As a young pastor opposed to the Vietnam war, Neuhaus was close to the Democrats. He is appalled by the way the party now treats “abortion rights” as a litmus test, and reserves his full sardonic disgust for politicians – such as John Forbes Kerry – who express “personal opposition” to abortion while voting for it. Just like Tony Blair.

“I know,” says Neuhaus sadly. “It’s disappointing that someone who is impressive in many ways exhibits this glaring inconsistency.”

Cardinal Winning used to berate Blair for his “nauseating hypocrisy” on abortion. The bishops of England and Wales, by contrast, are often accused of sucking up to Labour, kicking up a fuss only over subjects such as immigration.

“Our bishops are the same,” says Neuhaus. “They seem to want to abolish national boundaries altogether – a policy not unconnected with the fact that our new immigrants are Catholics.”

Not like Britain’s. “No, and you are right to be concerned about radical Islam. The concept of a people, a culture and a language has moral legitimacy, and if that faces an imminent threat, then a moral case can be made for saying we have to stop immigration for a time.”

It is inconceivable that an English bishop would say such a thing. But Fr Neuhaus, unlike any of them, has spent years debating faith and public policy with the new Pope. “I’ve met Ratzinger in Rome on many occasions,’’he says. “He’s self-effacing and gentle, intensely curious. I know for a fact that he tried to resign from his previous post at least three times in order to return to academic life.’’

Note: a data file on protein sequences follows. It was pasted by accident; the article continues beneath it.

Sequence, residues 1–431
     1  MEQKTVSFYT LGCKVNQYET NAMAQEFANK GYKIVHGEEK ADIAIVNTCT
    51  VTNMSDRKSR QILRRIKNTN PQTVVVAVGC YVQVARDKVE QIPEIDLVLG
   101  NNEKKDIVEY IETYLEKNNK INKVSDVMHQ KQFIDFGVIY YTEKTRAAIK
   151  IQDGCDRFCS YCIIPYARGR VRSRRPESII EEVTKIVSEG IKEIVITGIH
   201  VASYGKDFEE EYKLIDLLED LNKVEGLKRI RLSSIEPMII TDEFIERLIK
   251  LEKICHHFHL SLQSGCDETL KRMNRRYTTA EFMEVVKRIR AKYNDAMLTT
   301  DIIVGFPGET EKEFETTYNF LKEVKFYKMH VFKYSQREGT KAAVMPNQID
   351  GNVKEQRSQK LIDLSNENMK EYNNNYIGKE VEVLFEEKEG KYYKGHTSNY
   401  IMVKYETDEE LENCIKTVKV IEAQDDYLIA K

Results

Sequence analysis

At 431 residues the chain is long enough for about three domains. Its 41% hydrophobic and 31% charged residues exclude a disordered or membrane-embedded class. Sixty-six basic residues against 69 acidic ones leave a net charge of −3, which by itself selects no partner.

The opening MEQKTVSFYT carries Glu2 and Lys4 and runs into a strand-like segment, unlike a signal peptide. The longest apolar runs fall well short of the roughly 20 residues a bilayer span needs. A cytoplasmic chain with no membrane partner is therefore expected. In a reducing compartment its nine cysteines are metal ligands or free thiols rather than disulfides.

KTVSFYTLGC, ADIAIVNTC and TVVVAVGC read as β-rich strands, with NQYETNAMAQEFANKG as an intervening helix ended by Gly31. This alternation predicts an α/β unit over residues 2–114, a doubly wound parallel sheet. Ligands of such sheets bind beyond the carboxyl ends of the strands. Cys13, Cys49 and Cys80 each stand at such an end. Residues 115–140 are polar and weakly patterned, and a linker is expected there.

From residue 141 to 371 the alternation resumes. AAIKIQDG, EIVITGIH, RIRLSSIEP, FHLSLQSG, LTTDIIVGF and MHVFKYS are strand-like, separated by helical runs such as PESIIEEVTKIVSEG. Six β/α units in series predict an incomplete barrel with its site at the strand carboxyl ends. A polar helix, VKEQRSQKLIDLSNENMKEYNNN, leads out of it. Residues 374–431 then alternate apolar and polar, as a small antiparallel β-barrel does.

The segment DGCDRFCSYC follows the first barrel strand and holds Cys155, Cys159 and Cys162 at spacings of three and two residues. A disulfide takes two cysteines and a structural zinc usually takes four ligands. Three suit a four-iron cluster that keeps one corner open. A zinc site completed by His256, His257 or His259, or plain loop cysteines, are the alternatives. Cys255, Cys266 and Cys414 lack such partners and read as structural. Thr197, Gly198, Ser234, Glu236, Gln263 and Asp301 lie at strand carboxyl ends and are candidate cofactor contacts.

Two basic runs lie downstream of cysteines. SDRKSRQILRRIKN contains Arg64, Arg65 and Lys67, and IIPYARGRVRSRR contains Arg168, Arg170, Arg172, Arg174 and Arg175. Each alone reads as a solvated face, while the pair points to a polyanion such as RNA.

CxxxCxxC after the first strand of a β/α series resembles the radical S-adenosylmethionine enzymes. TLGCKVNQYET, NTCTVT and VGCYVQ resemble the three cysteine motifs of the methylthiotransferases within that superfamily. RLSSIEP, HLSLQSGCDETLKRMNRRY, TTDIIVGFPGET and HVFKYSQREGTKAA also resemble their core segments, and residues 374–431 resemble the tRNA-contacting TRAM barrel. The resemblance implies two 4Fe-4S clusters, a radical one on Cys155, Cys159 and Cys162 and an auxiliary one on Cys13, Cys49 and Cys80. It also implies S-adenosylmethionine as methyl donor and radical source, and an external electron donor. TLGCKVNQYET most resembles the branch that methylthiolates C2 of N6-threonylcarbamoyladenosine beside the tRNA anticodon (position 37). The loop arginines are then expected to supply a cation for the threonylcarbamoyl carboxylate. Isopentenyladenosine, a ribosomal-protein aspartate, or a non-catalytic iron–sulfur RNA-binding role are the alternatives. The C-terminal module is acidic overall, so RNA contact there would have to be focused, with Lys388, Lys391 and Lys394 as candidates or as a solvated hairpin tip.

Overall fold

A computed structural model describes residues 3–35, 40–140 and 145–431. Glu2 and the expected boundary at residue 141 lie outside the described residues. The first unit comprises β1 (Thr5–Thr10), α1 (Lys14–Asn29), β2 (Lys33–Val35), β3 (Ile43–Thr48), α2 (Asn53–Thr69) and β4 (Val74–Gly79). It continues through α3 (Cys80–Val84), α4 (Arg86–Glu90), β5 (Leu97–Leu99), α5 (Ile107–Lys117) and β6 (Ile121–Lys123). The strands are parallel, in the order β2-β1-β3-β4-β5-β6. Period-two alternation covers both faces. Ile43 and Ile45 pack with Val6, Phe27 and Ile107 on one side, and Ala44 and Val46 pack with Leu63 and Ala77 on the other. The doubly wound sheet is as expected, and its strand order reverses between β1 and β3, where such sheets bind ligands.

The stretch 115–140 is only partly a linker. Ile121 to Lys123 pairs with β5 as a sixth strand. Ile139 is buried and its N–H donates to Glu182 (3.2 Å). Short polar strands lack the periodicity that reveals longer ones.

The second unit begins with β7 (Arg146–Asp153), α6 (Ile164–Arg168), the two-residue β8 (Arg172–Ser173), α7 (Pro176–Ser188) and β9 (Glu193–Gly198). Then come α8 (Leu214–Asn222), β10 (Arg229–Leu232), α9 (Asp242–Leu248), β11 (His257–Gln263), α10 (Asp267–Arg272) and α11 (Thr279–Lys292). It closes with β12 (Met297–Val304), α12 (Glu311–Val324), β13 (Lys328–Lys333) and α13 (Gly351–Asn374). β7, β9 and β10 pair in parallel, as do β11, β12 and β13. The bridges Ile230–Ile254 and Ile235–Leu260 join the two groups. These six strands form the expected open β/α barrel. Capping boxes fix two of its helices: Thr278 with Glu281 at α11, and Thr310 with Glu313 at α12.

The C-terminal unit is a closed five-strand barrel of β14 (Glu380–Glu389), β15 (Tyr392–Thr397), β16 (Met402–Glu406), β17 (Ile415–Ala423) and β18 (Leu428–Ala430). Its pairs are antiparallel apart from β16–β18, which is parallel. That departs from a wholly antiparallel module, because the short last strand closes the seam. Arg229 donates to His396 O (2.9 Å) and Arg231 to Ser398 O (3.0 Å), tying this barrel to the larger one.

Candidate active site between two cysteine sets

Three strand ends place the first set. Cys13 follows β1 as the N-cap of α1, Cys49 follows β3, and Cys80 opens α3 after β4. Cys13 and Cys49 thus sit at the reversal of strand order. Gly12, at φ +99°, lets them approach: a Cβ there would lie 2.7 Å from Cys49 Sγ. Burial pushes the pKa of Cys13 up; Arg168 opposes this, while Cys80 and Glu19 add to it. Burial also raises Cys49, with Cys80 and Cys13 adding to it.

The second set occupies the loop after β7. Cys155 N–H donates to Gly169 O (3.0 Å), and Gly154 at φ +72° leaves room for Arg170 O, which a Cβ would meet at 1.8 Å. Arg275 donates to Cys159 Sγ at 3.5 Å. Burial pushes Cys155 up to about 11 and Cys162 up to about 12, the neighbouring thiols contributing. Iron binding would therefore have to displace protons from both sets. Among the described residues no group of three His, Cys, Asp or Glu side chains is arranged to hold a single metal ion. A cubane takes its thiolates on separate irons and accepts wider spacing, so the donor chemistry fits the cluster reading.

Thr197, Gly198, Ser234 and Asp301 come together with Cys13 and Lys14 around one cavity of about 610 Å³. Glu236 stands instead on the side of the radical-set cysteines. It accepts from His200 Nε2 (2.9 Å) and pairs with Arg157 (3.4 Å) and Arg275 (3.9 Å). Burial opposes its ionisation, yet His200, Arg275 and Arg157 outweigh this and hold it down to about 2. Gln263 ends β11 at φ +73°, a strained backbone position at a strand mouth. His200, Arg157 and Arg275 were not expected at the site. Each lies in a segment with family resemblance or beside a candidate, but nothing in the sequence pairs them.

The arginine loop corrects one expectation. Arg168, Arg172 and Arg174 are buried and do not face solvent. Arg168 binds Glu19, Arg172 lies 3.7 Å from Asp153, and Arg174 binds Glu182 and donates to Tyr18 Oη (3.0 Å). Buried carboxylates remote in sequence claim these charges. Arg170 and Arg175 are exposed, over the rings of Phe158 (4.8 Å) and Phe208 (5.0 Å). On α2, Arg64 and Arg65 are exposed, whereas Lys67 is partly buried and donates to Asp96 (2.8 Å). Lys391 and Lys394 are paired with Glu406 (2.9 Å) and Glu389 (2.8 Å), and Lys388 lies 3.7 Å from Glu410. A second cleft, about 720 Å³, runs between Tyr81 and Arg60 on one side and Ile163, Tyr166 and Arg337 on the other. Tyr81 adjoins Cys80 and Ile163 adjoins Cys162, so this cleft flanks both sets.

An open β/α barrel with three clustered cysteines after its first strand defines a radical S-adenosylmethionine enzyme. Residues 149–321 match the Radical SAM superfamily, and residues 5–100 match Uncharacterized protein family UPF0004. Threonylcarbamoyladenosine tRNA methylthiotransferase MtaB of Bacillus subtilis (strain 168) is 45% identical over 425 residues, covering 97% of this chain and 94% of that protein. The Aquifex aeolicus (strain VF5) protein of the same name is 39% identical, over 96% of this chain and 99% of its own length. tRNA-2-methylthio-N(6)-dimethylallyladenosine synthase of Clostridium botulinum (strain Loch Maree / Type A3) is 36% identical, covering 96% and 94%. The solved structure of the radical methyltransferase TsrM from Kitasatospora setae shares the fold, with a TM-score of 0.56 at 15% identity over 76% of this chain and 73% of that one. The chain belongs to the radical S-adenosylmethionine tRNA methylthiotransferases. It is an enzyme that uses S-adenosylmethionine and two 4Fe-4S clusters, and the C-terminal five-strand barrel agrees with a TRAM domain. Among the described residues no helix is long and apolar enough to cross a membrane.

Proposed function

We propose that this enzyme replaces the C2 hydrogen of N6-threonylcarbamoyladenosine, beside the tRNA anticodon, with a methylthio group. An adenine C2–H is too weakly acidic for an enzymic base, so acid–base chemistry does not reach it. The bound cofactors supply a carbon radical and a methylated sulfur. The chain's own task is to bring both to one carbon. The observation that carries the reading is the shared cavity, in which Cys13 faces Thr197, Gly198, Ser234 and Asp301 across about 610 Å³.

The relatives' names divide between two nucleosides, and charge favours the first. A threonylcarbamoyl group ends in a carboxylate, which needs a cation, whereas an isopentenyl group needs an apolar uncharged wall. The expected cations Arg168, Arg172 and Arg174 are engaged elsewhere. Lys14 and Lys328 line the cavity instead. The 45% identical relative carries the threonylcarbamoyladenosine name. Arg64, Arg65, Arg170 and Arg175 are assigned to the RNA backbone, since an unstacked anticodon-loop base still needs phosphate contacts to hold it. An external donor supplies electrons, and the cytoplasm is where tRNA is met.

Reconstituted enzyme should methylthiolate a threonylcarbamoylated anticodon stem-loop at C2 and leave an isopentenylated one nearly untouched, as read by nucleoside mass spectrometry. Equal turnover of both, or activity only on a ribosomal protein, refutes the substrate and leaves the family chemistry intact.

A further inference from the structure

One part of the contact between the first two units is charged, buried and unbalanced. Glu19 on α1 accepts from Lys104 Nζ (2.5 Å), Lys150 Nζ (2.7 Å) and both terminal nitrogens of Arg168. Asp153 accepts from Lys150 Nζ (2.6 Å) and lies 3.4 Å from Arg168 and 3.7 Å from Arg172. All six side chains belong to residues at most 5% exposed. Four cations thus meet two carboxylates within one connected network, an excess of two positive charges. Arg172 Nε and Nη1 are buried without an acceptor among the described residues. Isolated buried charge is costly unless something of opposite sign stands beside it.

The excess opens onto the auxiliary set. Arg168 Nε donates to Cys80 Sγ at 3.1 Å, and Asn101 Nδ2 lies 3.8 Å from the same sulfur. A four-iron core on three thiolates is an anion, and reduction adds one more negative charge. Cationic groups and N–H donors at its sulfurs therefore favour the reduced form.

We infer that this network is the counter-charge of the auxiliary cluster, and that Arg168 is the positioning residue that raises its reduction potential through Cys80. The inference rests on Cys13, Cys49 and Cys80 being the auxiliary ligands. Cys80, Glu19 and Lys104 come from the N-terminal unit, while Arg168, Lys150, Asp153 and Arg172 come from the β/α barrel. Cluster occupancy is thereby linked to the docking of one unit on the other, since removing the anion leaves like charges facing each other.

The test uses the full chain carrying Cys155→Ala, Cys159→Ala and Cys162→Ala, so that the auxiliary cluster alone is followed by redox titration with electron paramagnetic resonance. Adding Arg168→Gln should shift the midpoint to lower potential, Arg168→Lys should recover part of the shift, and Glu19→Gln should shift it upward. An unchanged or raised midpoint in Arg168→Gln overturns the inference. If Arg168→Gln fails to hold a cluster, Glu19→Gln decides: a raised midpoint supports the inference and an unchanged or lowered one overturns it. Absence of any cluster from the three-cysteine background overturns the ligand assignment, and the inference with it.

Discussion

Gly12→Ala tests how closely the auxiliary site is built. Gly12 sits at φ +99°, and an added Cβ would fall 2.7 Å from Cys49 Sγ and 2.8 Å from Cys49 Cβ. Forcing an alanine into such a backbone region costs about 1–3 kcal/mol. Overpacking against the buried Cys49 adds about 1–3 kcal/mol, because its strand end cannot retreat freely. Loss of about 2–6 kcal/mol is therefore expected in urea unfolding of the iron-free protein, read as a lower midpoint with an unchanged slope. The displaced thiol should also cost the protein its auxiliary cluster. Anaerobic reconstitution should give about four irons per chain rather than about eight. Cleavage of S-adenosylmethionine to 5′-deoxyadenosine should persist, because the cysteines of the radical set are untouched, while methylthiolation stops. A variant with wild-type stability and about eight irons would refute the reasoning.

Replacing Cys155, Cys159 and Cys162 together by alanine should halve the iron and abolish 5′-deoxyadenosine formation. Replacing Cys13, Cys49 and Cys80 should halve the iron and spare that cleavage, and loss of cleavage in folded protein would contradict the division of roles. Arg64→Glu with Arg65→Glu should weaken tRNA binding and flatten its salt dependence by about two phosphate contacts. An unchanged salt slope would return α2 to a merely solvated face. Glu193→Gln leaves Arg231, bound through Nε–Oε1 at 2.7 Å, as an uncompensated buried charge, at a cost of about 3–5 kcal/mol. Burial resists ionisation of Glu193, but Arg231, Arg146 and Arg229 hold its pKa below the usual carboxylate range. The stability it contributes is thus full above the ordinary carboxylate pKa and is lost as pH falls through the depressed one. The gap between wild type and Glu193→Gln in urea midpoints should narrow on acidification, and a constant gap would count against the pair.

This will be a “transformative pontificate’’, he believes – not on the world-historical stage, but in its implementation of the reforms of John Paul II. “The liberals who believe the Second Vatican Council mandated a revolution now know that it is not to be,’’ he says. “Certain issues are dead – such as women’s ordination.’’

“Progressive’’ Catholics caricature Neuhaus as reactionary. Yet his books reveal a nuanced conservative – he opposes an automatic ban on gay seminarians, for example – and a theologian who writes with great originality about “the work of dying’’.

In the mid-1990s, a friend in New York told me about “my wonderful priest, such a kind man, who has had terrible cancer’’. The priest was Fr Neuhaus. A tumour had ruptured his intestine; the operation was an “unspeakable mess’’, he says.

In his exquisitely written book As I Lay Dying, he describes the strangest experience of his life. Lying in hospital after the operation, surrounded by machines “pumping and sucking and bleeping’’, he was visited by two “presences’’ who told him: “Everything is ready now.’’ He is not sure who the visitors were, though he suspects they were angels. Their message? One of consolation: Fr Neuhaus was being assured that “the maggots will not have the last word’’.

However immersed he becomes in debates about public policy, he will never doubt the reality of this one experience. “I think of 1993 as the year that I died,’’ he says, stubbing out his cigar. “By which I mean that, when I die, as I certainly will, I expect and hope to hear the words: ‘Oh, you again’.’’

This article first appeared in The Daily Telegraph